Earl said he didn’t know whether railways could have, or should have, hauled more grain. But, he said, a commercial system creates commercial decisions. For example, under a commercial system, moving container traffic instead of grain makes perfect sense, he said.
Earl thinks untangling logistics requires balance between open markets and regulation. And, he said, we also need to acknowledge that all corporations are not only economic entities, but institutions that must contribute to society.
Things I think I know right now
Laura Robinson, a freelance investigative journalist, said her understanding of the truth is “as much as I know from the place I now stand.” Her understanding of the truth changes as she finds out more. This makes perfect sense to me.
I don’t know how to clean up this mare’s nest. But here’s what I think I know right now.
A glance at history will tell you that we are unlikely to find permanent solutions to grain movement issues. Perhaps the railways and grain companies will find a way to work together more effectively for a while. Maybe the government will manage to balance public and private interests so precisely that everyone will thrive in this new climate.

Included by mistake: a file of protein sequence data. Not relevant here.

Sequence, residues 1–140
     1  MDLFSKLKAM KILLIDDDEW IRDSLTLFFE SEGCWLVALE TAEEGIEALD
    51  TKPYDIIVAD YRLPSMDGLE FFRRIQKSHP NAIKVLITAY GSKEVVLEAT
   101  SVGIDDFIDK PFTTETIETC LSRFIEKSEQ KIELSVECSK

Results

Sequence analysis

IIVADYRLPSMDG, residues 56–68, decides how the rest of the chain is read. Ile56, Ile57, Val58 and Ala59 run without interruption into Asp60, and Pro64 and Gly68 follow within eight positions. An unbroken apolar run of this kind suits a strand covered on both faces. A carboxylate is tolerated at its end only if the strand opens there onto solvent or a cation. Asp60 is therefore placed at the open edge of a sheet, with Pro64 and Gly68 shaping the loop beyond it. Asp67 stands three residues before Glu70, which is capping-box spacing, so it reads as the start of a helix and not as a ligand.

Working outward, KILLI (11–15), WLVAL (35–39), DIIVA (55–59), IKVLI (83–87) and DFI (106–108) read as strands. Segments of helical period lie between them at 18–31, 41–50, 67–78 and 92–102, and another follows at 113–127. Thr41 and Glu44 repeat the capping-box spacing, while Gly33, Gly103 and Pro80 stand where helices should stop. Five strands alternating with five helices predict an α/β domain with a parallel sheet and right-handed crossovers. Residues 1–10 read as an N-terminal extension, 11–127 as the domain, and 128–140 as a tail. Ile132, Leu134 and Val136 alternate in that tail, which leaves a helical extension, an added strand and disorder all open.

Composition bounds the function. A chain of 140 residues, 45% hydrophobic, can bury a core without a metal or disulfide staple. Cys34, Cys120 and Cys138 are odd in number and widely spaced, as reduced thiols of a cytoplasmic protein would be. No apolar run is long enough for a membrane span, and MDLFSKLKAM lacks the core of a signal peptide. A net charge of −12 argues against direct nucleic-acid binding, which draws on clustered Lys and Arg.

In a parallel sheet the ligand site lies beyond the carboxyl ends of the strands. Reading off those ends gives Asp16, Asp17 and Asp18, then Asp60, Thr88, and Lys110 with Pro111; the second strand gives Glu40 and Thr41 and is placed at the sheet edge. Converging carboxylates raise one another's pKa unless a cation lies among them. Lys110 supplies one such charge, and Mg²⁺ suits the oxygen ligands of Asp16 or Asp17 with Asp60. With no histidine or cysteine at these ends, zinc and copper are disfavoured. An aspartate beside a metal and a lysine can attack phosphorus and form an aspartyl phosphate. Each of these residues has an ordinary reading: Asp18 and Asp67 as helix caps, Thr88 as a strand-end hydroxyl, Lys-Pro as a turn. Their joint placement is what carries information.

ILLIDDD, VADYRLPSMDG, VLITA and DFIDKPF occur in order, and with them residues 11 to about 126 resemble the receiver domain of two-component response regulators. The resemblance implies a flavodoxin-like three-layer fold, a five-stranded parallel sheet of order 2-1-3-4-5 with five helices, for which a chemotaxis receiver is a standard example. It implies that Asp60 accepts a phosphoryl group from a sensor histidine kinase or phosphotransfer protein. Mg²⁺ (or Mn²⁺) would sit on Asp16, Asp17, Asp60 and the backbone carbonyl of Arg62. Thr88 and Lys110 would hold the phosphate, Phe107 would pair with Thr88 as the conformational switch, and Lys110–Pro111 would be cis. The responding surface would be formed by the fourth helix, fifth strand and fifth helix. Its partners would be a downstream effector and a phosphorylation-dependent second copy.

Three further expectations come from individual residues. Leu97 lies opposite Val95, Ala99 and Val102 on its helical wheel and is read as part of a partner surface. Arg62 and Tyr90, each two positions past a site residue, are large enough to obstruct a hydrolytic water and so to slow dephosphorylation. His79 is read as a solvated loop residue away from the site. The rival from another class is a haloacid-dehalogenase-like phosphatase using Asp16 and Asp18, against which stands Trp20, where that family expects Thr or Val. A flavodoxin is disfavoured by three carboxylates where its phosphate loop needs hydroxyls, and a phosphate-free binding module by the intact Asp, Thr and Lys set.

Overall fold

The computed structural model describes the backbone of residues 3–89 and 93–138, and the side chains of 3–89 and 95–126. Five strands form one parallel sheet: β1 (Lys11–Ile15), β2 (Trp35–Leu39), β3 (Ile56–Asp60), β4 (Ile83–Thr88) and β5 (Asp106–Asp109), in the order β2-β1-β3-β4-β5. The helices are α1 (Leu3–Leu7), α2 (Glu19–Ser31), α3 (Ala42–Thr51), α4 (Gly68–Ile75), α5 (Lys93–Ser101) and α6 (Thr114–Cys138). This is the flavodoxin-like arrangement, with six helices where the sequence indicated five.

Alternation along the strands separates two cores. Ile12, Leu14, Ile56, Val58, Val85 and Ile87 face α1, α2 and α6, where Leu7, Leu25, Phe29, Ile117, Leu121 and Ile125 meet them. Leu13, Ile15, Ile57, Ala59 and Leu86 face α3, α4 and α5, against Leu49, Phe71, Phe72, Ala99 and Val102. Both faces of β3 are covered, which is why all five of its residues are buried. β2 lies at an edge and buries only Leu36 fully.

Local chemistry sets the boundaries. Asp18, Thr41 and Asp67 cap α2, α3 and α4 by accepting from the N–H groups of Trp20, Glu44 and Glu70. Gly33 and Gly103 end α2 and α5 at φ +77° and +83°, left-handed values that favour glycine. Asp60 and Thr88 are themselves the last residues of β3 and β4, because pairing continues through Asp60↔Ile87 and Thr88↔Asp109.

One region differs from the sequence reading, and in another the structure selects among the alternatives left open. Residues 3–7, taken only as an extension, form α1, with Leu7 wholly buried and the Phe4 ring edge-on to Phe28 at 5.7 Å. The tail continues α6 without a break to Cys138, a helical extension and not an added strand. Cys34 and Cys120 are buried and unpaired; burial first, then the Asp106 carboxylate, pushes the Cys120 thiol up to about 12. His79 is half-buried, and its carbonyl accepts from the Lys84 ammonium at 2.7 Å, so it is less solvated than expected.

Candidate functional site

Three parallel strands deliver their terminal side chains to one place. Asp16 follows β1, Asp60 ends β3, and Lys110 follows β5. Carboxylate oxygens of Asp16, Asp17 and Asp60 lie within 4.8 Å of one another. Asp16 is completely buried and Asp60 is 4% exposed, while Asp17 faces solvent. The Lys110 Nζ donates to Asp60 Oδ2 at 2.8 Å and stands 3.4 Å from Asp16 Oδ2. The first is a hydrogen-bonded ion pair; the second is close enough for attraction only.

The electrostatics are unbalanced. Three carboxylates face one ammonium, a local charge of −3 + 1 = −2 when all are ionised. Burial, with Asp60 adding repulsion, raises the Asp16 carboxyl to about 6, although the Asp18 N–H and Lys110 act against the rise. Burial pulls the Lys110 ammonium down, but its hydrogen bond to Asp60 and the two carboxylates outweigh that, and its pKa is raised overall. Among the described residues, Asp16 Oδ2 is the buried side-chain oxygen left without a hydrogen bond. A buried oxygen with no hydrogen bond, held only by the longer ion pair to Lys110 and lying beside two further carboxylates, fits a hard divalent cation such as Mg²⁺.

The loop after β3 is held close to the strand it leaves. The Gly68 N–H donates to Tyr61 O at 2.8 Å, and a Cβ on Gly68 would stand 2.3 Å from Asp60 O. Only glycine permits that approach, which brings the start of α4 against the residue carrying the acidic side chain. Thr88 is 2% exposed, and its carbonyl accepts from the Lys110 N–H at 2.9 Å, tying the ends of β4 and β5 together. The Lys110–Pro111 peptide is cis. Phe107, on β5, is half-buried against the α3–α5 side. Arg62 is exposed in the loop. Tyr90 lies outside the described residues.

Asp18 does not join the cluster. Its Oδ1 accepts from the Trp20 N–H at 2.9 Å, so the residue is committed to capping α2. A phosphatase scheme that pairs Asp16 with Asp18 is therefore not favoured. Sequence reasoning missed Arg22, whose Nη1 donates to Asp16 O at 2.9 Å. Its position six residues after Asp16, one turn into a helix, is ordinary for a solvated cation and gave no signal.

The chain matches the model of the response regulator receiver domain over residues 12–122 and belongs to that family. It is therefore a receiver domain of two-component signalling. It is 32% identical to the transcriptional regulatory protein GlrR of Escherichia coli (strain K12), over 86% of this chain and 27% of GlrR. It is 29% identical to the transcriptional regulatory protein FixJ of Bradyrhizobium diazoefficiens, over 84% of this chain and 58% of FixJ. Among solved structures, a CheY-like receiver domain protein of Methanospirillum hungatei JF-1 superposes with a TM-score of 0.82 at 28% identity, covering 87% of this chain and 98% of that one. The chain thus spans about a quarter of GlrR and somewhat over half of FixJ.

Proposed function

But utopia, even if achieved, will never last. We will swing towards too much or not enough regulation. Relationships will sour as new players move in, or old players change. Someone will get greedy, or let ideology triumph over reality.
This doesn’t mean everyone should throw up their hands in disgust and walk away. Sometimes the things worth doing are really difficult. And although railways have a duopoly, we live in a democracy. Over the last few months we’ve seen that even a conservative government is willing impose brute regulations, in some situations.
It’s hard to know how effective expanding interswitching will be in the long run, and the order-in-council had mixed effects. But it does show the government will listen to farmers if they push enough.
In Earl’s opinion, as damaging as the regulatory system was that he fought to dismantle, the polarization between the two sides on that debate was equally damaging. I wonder how much hurt lingers on western Canadian farms from those battles.
Farmers can’t afford to be deeply divided on big issues such as grain transportation. You may be a libertarian, and your neighbour a socialist, but you both need to move grain. It’s time to set aside the hard feelings and “told you sos” and make sure you all have a strong voice in the boardrooms where decisions are made and policies set.